Pandemic Offers Opportunity To Rethink Bizav, EBAA Experts Say

G550
Credit: Gulfstream

The COVID-19 pandemic has brought considerable challenges, but it can also provide businesses with an opportunity to reassess.

In a September webinar entitled “Rethinking Relationships in Business Aviation,” various members of the European Business Aviation Association’s (EBAA) Associate Member Advisory Council (AMAC) attempted to use the pandemic’s forced pause to look again at areas where new approaches could offer advantages. 

“The holy grail is a single contract for air chartering that we all use,” said Adam Twidell, founder and CEO of British charter broker PrivateFly and co-chair of AMAC’s charter-broker committee. “A bit like world peace and eliminating hunger, it’s a goal we might never get to,” he added. But with the sector seeing an unprecedented number of new customers, the need for the industry to present itself coherently and consistently is becoming increasingly important. 

Regulating and licensing charter brokers is an idea that appears to have wide support and would certainly help ensure that new customers could be assured of a consistent level of service. But it raises further questions that may be difficult to answer. 

“Who’s responsible for advising who’s a good broker or not? And who’s going to police it and kick people out?” asked Twidell’s committee co-chair Mike Ryan, managing director of consultant and spot-charter provider Vikingar. Rather than follow a prescriptive route, Ryan suggests that brokers who are members of groups such as the EBAA or Air Charter Association (ACA) could get their standard contracts reviewed and receive a form of endorsement via their continuing membership. 

“Rather than having a formal process, those who pass the contractual methodology could or should get some sort of stamp” from the EBAA or ACA, he argued.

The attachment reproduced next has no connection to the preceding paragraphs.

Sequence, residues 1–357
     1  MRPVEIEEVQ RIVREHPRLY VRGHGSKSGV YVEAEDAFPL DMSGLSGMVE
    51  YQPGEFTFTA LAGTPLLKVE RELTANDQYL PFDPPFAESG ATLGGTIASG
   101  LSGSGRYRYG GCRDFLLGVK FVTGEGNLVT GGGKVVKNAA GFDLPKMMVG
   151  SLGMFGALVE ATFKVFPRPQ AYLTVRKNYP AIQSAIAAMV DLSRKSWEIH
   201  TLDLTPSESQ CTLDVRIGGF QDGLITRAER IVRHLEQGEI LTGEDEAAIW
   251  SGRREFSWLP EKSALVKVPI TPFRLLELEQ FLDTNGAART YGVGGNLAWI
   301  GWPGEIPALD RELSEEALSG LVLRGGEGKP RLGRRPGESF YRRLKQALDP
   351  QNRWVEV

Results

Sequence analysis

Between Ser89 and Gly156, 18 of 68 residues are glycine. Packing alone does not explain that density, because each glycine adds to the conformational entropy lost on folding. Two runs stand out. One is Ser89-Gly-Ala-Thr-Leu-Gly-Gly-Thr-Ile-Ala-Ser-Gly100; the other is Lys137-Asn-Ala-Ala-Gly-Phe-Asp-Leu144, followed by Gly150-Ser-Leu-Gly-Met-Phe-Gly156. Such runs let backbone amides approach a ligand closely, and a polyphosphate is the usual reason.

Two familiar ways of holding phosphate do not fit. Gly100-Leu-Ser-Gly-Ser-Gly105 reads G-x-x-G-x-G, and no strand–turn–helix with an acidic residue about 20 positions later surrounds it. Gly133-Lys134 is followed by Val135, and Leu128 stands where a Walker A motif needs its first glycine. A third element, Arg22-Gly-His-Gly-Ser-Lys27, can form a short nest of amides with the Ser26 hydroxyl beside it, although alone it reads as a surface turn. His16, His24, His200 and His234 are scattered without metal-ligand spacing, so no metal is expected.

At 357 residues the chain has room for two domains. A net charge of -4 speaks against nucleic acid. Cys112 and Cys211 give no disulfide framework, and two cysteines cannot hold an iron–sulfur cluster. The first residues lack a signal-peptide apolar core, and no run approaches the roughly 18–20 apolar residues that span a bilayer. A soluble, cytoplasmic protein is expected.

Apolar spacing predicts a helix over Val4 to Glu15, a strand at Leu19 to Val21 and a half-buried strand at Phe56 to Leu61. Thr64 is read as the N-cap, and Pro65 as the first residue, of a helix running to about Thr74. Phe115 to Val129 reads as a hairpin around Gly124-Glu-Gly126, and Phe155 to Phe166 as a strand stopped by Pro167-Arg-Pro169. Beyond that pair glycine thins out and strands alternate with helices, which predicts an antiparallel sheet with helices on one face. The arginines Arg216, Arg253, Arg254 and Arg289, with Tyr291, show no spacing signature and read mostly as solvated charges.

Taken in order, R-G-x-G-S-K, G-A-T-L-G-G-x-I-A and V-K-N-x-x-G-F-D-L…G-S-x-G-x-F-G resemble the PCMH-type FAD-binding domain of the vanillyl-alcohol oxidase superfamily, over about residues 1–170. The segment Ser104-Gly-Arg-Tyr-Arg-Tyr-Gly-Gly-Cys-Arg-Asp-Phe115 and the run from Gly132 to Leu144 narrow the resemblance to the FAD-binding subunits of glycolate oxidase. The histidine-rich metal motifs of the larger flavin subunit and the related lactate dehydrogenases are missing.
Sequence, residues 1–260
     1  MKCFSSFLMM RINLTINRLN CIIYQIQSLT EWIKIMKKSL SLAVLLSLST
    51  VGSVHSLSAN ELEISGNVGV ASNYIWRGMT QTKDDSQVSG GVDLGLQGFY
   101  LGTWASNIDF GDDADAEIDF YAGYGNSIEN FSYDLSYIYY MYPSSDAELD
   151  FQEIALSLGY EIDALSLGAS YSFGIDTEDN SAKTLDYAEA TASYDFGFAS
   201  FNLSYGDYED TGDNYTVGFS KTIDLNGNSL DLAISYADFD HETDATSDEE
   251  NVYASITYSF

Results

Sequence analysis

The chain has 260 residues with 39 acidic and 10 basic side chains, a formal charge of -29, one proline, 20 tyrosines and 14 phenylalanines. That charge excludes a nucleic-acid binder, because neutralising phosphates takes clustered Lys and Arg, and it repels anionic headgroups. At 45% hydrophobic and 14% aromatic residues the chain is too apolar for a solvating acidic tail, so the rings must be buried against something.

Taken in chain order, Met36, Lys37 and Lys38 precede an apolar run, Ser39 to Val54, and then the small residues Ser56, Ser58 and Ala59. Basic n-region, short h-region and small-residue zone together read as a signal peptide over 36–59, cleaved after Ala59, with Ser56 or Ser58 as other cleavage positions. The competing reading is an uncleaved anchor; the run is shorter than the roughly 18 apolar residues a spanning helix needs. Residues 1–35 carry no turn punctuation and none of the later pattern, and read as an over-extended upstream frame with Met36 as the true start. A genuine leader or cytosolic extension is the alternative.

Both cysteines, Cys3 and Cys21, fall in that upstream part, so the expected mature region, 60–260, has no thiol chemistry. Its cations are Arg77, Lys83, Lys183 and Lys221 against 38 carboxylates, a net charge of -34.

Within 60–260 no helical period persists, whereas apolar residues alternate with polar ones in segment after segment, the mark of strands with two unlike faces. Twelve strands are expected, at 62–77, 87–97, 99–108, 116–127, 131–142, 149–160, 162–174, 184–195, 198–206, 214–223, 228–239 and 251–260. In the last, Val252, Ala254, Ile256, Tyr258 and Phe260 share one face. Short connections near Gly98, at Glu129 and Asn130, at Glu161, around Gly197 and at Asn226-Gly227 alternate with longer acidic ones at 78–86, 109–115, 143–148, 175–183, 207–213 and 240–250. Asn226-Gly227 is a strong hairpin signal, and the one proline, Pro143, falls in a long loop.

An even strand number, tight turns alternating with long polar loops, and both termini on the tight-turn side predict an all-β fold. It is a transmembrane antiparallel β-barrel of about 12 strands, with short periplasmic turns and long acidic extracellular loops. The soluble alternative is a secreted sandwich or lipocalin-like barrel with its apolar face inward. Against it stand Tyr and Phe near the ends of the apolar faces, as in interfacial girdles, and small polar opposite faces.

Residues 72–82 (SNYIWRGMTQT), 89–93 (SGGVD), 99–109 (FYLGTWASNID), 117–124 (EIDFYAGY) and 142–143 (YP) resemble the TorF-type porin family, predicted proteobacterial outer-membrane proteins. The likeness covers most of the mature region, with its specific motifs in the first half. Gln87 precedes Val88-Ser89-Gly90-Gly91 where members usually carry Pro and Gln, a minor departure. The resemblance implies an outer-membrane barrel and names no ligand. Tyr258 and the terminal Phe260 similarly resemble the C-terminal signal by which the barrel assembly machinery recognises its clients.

In the pre-owned aircraft sales arena, “‘challenging’ is the understatement of the year,” says sales and acquisition committee chair and AMAC Vice Chair Janine Iannarelli, founder and president of Par Avion Ltd. To illustrate typical problems, she discussed two sales her company had been involved in: one in which an American aircraft was being sold to a French buyer, the other in which she had to travel from her Houston base to inspect an aircraft for a customer. While her own direct knowledge of the two aircraft plus the arrangement of virtual inspections via Zoom proved sufficient to keep the deals on track, these are not viable long-term solutions, she argues. 

“We definitely will go back to the way we were before,” Iannarelli said. “Personal connection is not something you can convey through a video camera. You only get so much out of a video conference—you don’t get to know the person. And, I would venture to say, you don’t get to know an airplane until you put your hands on it.” 

Of concern to both Iannarelli and members of AMAC’s financiers committee is the current focus on shorter-range flights, which is leading to diminished interest in larger jets. While this is likely to be temporary, it brings challenges not just for those looking to sell long-range aircraft. When transactions are for smaller amounts, the work required to arrange financing is barely worth the effort. And banks, lacking experience in these lower-value deals, may struggle to accurately value the aircraft. 

“There is no liquidity shortage. Financing is available, and most of the financing institutions are more than willing to do deals, so long as we are confident in aircraft values,” said Marie-Laure Gassier of BNP Paribas, who chairs AMAC’s financiers committee. “There is a bit of a question mark over this at the moment.”

Both Gassier and Iannarelli dismissed as unrealistic those who have expected to see massive reductions in aircraft prices as a result of the pandemic. 

“There may be some buyers trying to benefit from the situation,” Gassier said, “but most of the transactions that we’ve seen have been normally priced. The main challenge will be the size of the transaction, because financing an aircraft remains complex and we need a sizable transaction to make it meaningful both for the client and for the bank.”